In mid-July, people can tour the ruins of what was once the second-largest steel mill in the country, after only U.S. Steel's South Works on Chicago's South Side in the late 19th century.
The Forest Preserve District of Will County is offering a free, all-ages Joliet Iron Works Tour from 9-10:30 a.m. on Friday, July 16.
People can see the area's industrial heritage while surveying what remains at the Joliet Iron Works Historic Site at Columbia Street in Joliet.
Dating back to 1869, the former Joliet Iron and Steel Company, Illinois Steel Company, Federal Steel and U.S. Steel mill on the banks of the Des Plaines River once employed 4,000 workers, many immigrants from Southern Europe and Eastern Europe. The Joliet Iron Works helped supply the expanding railroads in the late 19th and early 20th centuries. Workers there took part in the 1919 steel strike that shut down half the nation's steel mills in an early effort to unionize the steel industry.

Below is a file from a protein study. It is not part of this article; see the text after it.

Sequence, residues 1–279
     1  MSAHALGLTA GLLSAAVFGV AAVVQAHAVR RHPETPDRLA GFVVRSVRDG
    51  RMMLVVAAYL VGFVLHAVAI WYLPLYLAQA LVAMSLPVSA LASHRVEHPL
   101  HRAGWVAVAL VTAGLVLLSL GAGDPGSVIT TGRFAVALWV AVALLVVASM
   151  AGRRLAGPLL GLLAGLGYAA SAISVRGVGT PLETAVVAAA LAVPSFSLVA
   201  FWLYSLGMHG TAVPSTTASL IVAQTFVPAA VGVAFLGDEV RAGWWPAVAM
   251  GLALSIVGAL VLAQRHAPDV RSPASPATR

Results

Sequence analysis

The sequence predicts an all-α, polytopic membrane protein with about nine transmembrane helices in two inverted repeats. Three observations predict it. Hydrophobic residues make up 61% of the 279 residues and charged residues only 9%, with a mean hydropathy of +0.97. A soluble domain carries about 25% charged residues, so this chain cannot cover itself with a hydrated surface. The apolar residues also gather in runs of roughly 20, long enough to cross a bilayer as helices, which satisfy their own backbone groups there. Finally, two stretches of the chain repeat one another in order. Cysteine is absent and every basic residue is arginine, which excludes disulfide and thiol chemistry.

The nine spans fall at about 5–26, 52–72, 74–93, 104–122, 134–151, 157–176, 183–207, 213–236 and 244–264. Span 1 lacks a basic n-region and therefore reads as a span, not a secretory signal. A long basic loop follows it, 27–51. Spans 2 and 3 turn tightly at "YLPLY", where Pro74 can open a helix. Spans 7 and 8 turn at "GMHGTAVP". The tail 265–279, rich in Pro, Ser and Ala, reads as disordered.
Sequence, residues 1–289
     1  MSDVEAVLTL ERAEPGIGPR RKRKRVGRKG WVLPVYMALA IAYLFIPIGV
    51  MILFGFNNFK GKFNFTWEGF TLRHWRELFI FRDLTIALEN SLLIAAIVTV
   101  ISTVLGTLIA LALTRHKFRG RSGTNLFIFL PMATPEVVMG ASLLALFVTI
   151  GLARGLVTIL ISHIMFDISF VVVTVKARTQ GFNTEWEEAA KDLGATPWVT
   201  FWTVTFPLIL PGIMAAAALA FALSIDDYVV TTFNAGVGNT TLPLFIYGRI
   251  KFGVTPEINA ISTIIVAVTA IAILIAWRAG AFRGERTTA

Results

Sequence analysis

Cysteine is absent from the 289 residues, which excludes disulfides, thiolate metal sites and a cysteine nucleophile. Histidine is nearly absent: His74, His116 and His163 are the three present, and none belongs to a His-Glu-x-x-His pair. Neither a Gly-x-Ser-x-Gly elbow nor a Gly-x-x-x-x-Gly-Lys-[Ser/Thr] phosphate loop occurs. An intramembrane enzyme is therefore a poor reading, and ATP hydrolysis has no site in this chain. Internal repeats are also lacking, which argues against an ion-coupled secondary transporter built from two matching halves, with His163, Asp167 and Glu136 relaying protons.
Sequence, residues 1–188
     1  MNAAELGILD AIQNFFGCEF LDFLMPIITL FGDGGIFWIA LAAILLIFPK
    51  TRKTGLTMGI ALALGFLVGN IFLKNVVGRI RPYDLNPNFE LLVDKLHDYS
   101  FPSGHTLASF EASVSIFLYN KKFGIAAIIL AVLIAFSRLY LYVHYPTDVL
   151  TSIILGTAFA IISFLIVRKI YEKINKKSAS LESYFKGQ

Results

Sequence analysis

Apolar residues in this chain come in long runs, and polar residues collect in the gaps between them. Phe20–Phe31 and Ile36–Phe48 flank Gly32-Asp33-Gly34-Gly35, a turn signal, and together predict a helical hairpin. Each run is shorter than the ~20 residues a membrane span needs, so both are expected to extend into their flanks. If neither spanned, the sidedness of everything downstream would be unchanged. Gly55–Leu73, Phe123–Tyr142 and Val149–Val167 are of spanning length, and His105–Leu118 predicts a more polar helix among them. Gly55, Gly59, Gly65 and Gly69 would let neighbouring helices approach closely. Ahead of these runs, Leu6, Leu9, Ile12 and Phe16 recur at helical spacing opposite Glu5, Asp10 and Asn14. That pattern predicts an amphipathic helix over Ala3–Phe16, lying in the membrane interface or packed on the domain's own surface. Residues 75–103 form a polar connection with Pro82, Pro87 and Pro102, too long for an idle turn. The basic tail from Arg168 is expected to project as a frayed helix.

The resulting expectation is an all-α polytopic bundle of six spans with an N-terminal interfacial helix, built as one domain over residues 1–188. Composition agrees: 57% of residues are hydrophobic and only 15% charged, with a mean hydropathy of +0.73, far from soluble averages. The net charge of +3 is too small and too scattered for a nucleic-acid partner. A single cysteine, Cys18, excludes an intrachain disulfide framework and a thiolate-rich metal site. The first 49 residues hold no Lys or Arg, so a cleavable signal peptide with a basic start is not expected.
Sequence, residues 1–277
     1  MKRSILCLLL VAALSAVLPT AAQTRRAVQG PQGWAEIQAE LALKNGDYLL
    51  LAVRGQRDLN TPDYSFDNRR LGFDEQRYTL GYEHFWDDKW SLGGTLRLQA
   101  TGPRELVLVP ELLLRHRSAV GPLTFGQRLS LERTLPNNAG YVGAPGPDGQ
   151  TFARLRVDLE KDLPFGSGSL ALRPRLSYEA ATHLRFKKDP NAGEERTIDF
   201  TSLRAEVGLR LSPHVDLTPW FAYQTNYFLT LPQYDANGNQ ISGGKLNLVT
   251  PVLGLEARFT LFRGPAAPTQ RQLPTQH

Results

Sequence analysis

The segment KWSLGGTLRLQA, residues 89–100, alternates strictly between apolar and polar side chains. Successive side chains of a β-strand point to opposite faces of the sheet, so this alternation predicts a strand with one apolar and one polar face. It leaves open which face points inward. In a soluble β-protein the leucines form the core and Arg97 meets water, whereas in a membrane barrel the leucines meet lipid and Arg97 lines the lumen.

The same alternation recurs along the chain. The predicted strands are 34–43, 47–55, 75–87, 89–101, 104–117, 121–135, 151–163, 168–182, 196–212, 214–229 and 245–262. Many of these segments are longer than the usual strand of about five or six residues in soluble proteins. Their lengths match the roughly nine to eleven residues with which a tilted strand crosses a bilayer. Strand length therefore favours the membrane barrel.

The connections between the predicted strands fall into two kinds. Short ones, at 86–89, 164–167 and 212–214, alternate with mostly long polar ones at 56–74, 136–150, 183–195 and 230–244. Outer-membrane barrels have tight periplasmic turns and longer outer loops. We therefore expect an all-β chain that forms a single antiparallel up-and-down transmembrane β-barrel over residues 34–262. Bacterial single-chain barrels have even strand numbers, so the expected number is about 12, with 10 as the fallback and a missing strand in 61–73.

The iron works shuttered in 1936 but steel operations remained at the site. After decades of decline, it closed for good in the 1980s.
Visitors can still see the stone remains of blast furnaces, gas washers, gas engine houses and other parts of the long-bygone mill, which was acquired by the Forest Preserve District of Will County in the 1990s.
It's now a park with trails, picnic areas and interpretative signage. It's open to self-guided tours from dawn to dusk.
"Which city carried the nickname 'City of Stone and Steel?' Joliet’s once-thriving industrial plant rivaled Pittsburgh’s steel power," the Forest Preserve District of Will County said in a press release. "Explore its stone foundations that are more than 100 years old. A naturalist will share the fascinating stories of the men and machines that worked to produce up to 2,000 tons of iron a day during the mill’s peak operation."
The event is free but registration is required by July 14.
For more information or to register, visit reconnectwithnature.org or call 815-886-1467.